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Sauerbraten Recipe

Sauerbraten is a traditional German dish that has been enjoyed for centuries. The name "Sauerbraten" translates to "sour roast," which refers to the tangy and savory flavors that are characteristic of this dish. It is believed to have originated in the Rhineland region of Germany, where it was traditionally prepared using horse meat. However, nowadays it is more commonly made with beef, specifically a piece of cross-rib or middle cut of chuck.

To prepare Sauerbraten, you will need the following ingredients:
- 3 pounds of cross-rib or middle cut chuck
- Boiling vinegar (enough to cover the meat; you may use one-third water)
- 4 bay leaves
- Whole peppercorns
- Cloves
- Whole mace
- 1 tablespoon of drippings
- 1-2 onions, sliced
- Salt
- Flour (for thickening the gravy)

The first step in preparing Sauerbraten is to marinate the meat. Place the meat in a deep earthen jar and pour enough boiling vinegar over it to cover it completely. You can also add one-third water to the vinegar if desired. To enhance the flavors, add four bay leaves, a handful of whole peppercorns, a few cloves, and some whole mace to the boiling vinegar. Once the vinegar mixture is ready, pour it over the meat and make sure it is fully submerged. The meat should be marinated in this pickling liquid for several days, turning it daily to ensure it absorbs the flavors evenly. In the summer, three days is sufficient, but during the winter, it is recommended to marinate the meat for at least eight days.

When you are ready to cook the Sauerbraten, start by heating one tablespoon of drippings in a stew-pan. Add the sliced onions and sauté them until they become tender and translucent. Next, place the beef in the stew-pan, ensuring that you salt it on both sides before stewing. Cover the stew-pan tightly and let the meat cook slowly over low heat. If the meat is not acidic enough, you can add some of the brine in which it was pickled to enhance the flavor. Allow the meat to stew for approximately three hours, or until it becomes tender and easily falls apart.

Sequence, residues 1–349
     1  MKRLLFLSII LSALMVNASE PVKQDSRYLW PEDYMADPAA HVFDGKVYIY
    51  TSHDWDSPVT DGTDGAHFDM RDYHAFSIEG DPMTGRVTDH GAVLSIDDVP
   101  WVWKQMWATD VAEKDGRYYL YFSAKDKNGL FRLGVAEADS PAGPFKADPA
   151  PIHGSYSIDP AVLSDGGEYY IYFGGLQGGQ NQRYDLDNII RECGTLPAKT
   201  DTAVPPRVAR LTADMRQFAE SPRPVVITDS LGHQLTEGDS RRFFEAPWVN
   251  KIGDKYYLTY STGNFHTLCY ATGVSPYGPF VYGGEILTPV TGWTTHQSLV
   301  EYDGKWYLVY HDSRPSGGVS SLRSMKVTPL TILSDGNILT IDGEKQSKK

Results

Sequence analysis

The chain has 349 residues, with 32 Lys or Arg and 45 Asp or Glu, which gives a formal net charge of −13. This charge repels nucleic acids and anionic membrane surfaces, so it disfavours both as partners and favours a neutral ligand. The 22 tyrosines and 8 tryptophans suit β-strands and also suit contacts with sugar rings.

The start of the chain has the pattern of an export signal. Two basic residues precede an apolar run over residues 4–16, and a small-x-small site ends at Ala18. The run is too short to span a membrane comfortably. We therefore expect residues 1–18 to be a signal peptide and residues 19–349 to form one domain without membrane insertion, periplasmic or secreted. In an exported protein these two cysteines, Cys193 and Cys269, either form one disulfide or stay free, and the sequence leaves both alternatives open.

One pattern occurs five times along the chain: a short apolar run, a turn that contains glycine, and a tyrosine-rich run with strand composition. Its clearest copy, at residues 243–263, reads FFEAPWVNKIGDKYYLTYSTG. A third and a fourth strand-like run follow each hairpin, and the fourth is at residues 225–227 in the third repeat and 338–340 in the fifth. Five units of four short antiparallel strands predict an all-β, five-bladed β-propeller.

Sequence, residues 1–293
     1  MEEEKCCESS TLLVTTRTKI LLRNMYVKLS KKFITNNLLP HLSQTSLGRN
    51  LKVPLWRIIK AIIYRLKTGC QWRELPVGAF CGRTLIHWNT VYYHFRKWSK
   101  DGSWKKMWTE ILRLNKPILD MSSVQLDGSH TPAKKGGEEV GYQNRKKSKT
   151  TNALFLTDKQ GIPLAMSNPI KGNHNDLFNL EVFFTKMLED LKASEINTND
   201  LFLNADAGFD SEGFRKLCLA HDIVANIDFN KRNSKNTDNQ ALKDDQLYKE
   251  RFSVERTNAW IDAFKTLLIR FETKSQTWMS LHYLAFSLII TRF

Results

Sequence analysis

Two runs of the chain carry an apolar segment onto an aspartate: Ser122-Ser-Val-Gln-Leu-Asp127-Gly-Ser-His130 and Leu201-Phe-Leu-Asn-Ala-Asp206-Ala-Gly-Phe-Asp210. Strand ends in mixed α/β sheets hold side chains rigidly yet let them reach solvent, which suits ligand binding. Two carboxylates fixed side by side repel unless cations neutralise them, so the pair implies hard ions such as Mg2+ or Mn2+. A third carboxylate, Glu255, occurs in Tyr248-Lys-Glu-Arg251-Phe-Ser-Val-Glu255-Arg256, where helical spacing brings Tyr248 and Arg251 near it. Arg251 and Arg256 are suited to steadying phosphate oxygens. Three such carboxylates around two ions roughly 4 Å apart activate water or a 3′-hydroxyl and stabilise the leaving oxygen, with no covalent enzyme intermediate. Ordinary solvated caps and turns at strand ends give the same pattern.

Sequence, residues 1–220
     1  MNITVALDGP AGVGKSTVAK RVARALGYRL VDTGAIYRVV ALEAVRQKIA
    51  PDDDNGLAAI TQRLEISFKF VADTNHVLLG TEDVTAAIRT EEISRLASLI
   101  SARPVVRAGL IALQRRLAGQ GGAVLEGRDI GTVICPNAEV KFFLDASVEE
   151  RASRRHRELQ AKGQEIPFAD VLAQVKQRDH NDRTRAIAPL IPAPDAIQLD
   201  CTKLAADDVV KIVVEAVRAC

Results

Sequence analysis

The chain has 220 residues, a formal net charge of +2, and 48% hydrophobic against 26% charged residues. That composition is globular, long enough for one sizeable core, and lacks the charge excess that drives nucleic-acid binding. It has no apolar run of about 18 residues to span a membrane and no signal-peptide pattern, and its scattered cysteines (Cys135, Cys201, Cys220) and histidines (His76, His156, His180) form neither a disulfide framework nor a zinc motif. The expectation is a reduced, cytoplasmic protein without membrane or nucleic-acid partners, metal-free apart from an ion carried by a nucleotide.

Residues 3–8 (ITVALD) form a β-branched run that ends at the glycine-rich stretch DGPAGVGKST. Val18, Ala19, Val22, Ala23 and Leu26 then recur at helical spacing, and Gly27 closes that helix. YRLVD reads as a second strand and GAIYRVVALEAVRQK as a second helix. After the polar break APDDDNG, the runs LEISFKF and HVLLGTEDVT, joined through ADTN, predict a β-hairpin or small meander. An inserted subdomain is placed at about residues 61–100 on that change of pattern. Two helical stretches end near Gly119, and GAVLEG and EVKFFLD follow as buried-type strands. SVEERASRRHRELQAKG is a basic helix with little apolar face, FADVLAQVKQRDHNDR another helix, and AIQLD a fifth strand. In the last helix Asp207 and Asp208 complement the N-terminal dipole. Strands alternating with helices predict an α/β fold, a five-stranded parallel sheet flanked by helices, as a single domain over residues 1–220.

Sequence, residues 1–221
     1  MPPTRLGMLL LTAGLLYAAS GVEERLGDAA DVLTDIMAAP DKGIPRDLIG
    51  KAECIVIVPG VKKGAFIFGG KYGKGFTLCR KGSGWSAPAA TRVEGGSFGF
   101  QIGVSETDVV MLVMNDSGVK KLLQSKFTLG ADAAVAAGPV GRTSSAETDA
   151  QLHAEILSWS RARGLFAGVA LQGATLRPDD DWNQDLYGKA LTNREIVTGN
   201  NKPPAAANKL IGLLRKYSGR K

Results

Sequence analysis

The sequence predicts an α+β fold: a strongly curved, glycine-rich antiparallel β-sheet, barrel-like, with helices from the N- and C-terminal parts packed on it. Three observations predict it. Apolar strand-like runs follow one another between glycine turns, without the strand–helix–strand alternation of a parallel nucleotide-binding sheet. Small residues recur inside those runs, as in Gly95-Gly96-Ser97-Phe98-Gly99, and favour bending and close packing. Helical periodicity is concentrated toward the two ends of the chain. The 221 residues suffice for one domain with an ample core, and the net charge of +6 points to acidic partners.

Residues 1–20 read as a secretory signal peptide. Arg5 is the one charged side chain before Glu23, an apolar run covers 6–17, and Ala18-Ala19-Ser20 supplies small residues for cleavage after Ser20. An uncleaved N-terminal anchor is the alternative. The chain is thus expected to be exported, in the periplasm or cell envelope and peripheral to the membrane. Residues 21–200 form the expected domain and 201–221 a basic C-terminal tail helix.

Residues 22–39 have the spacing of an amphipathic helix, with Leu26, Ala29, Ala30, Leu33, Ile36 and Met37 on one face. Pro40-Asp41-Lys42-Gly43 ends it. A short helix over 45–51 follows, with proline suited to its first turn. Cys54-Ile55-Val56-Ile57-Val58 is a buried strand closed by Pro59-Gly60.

After the meat is cooked, the next step is to thicken the gravy. Remove the beef from the stew-pan and set it aside. Gradually add flour to the stewing liquid while stirring continuously until the desired thickness is achieved. You can adjust the amount of flour according to your preference. Once the gravy reaches the desired consistency, return the beef to the stew-pan and let it simmer in the gravy for a few minutes to allow the flavors to meld together.

Sauerbraten is typically served with traditional German accompaniments such as potato dumplings or boiled potatoes, red cabbage, and applesauce. The tangy and aromatic flavors of the Sauerbraten complement the hearty sides perfectly, creating a wholesome and satisfying meal.

Fun fact: Traditionally, Sauerbraten was made with horse meat because it was considered to be more tender and flavorful than beef. However, due to changing food preferences and availability, beef has become the more common choice for making this dish.

Similar recipes: There are several variations of Sauerbraten across different regions of Germany. For example, in the Rhineland, the marinade often includes red wine and is left to marinate for a longer period, sometimes up to two weeks. In Franconia, gingerbread crumbs are added to the meat during the marinating process, giving it a unique flavor. Another popular variation is the Rheinischer Sauerbraten, which is made with raisins and sugar, adding a hint of sweetness to the dish.

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